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Hi, I'm running openSUSE.
I said before that I've downloaded a software which enables me to sync my iPod under Linux:
I just copied it to my home directory and used
tar zxvf guipod-0.101.tar.gz
After this, I entered the directory guipod-0.101,and used
but failed and got some notes at the end, which are as follows:
checking for KDE... configure: error:
in the prefix, you've chosen, are no KDE headers installed. This will fail.
So, check this please and use another prefix!
Any ideas on what I need to do to make it work?
Thanx in advance.
The first thing I would ask is that you make sure the program which you want is not already available in your distribution's software repositories. Installing from there is a LOT easier than building from source.
The second stop is to find a pre-compiled package from a reputable source. I've heard the site rpmfind mentioned before, although I do not used an RPM-based distro, so I have not used it myself. If you can locate a binary RPM package, that will be a lot easier to install than building from source.
OK, assuming you can't find a pre-built package here are some notes on building from source:
It is common for the run-time and development versions of libraries to be separated into two packages, which must be installed individually. For common libraries which are pre-requisites for many programs, they will be installed on you system as part of the main system. However, the development package, which is needed to build software which uses that library tends not to be installed by default.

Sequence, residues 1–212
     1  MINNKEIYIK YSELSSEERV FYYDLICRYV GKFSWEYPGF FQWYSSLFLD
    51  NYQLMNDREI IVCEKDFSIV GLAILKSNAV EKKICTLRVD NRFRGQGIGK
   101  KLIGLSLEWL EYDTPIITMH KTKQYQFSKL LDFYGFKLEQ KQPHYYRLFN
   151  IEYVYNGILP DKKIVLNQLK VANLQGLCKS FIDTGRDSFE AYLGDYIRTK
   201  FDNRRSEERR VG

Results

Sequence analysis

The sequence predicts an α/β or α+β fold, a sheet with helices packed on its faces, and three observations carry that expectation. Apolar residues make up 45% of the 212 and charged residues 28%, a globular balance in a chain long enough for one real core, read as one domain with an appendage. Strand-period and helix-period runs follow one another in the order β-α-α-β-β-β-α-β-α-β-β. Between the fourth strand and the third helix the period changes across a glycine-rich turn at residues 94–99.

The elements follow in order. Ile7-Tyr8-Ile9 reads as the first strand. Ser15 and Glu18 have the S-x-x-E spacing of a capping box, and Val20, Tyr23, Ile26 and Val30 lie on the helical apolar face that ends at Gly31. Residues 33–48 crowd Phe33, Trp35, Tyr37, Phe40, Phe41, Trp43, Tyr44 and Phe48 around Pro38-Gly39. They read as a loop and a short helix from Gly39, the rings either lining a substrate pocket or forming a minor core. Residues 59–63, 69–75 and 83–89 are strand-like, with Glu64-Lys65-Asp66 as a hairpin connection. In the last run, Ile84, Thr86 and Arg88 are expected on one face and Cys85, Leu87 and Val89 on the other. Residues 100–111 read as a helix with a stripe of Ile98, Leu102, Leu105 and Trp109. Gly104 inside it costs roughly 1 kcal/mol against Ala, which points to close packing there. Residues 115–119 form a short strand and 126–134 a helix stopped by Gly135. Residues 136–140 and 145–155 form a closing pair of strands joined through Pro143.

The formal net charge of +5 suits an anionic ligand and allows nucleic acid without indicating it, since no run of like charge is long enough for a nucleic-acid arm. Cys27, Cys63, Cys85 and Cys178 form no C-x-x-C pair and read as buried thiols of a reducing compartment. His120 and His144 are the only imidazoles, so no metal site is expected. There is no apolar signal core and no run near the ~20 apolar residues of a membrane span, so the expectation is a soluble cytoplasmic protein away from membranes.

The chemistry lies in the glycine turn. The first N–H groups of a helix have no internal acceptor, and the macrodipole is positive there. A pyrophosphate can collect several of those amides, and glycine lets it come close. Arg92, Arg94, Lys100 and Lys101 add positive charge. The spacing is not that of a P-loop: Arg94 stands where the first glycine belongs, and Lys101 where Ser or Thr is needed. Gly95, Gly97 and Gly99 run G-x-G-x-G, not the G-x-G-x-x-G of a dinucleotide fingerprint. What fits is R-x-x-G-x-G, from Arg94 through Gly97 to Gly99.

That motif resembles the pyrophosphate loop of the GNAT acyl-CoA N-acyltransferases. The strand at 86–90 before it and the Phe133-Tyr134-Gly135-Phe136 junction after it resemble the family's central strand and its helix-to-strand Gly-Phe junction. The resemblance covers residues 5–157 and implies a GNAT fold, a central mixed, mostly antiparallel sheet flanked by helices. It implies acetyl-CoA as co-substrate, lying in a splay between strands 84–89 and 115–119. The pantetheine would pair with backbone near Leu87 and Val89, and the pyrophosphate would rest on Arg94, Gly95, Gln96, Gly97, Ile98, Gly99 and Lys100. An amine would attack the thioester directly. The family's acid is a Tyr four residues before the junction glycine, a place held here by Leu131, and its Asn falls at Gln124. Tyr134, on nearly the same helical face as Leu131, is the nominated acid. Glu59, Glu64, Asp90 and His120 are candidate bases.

On SuSE the convention is to have the runtime package called "something", and the development package which corresponds to that called "something-devel".
One of the challenges of building programs from source code is making sure the development package for all the libraries which that program depends upon are installed. The trick is to be able to find out the package name(s). Once you know the package name(s), it should simply be a matter of using the software installation tool in YaST to install them.
Often pre-requisites like this will be mentioned in a files called INSTALL and/or README which comes with the source code, although it is not always the case.
The worst case scenario is that a library which you need is not to be found in the repositories for your distro. In this case, you will need to download the source code fot that library first and install that. If that library depends on another package which you do not have, you need to get that too, and so on. This is not very common these days, as most distros have very extensive repositories with most commonly used libraries available.